Victim of NorCal serial killer identified after 25 years

Kerry Ann Cummings, whose body was found in 1997, but was not identified until 2023.

A woman who was murdered by a serial killer in Humboldt County has been identified after 25-years thanks to advanced DNA science, officials announced recently. 

In 1997, Kerry Ann Cummings went missing in northern California. According to her family, she was couch-surfing in the Eugene, Oregon, area before family lost contact with her. 

In October of that year, a duck hunter found Cummings' dismembered remains in a stream outside of Eureka. Several months later, officials found similar remains on Clam Beach, roughly 20 miles north of where the original remains were found. Deputies with the local sheriff's office tried and failed to identify the woman, and did not know who killed her either.

That was until November 1998, when Wayne Adam Ford came to the Humboldt County Sheriff's Office with another woman's body part, officials said. He admitted to killing several women in the area, including who investigators would later learn was Cummings. Years later in 2006, Ford was convicted of four counts of first-degree murder and sentenced to death. He remains on death row at San Quentin State Prison.

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Cummings still had not been identified, however, while investigators were able to link the remains found on Clam Beach to the remains found in the stream, attempts to identify her through missing persons and DNA databases went unsuccessful for years. 

Then in 2021, the HCSO's Cold Case Unit submitted a DNA sample of Cummings' remains to a company called Othram, with the hope that they'd be able to identify a close relative of hers. Using a technique called forensic genome sequencing, the company was able to create a profile for who they thought may be a close relative. When that close relative was asked if they had any missing family members, they said their relative Kerry had been missing since the mid-90s.

From there, investigators tracked down Cummings' sister, Kathie Cummings, and tested her DNA against that of the remains found decades earlier. They found a match, and officially identified the remains as those of Kerry Cummings. She was in her mid-20s.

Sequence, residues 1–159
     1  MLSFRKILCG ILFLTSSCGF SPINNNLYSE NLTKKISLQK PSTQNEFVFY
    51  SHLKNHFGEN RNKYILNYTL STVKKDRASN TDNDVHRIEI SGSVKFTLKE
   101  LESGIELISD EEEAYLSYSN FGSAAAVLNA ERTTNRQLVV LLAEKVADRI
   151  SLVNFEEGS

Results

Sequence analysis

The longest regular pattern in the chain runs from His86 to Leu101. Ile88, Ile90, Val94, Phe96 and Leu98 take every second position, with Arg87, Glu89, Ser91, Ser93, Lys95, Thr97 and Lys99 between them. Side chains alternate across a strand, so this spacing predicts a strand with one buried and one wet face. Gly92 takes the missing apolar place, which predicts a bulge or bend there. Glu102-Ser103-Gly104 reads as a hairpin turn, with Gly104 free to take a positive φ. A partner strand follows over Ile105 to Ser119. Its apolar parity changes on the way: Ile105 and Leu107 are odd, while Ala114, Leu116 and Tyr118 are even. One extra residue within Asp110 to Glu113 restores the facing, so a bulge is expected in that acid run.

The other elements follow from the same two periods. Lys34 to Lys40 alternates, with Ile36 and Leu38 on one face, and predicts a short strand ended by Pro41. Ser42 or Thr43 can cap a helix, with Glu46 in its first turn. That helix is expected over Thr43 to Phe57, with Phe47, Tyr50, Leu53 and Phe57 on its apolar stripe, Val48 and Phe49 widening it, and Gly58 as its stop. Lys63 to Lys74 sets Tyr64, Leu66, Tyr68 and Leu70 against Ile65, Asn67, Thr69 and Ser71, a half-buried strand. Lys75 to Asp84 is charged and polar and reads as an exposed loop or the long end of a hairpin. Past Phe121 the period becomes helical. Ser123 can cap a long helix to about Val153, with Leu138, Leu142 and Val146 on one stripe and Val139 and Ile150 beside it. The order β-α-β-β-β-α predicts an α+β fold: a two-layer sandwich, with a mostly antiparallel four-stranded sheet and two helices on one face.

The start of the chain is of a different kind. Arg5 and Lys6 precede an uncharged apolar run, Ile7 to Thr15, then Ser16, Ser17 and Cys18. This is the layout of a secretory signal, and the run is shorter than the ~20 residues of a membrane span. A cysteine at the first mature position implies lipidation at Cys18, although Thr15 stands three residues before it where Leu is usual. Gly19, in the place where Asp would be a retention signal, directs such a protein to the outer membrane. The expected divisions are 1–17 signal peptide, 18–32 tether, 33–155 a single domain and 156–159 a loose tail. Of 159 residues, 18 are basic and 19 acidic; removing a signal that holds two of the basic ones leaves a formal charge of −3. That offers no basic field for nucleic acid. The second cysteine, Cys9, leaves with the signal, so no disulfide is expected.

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Cummings' family said that she was suffering from untreated mental illness before she lost contact with her family.

"Kerry was beautiful, funny, smart and an artist. She was great at making us laugh," Kathie Cummings told investigators. "It is devastating what mental illness can do in a span of only two short years."

According to Kathie Cummings, her parents tried to report her sister missing in Arizona and Oregon back in the '90s, but that a missing persons report was never taken because of laws surrounding reports back then. Because of that Kerry Cummings was never listed as missing and never put into any national missing persons databases.

"Unfortunately, back then they were told that Kerry was an adult, that she had chosen the lifestyle and that if she wasn't a threat to herself or others, there was nothing that [law enforcement] could do," Kathie Cummings said.

Now, the Humboldt County Coroner's Division is working to get Kerry Cummings' remains back to her family for burial. The HCSO said it's continuing to work with the California Department of Justice and Othram to review other cold cases in the county, which date back to as far as 1950. 

"While we can't take away the pain of the loss, we hope that this identification can help bring closure to Kerry's family and the community," said Sheriff William Honsal.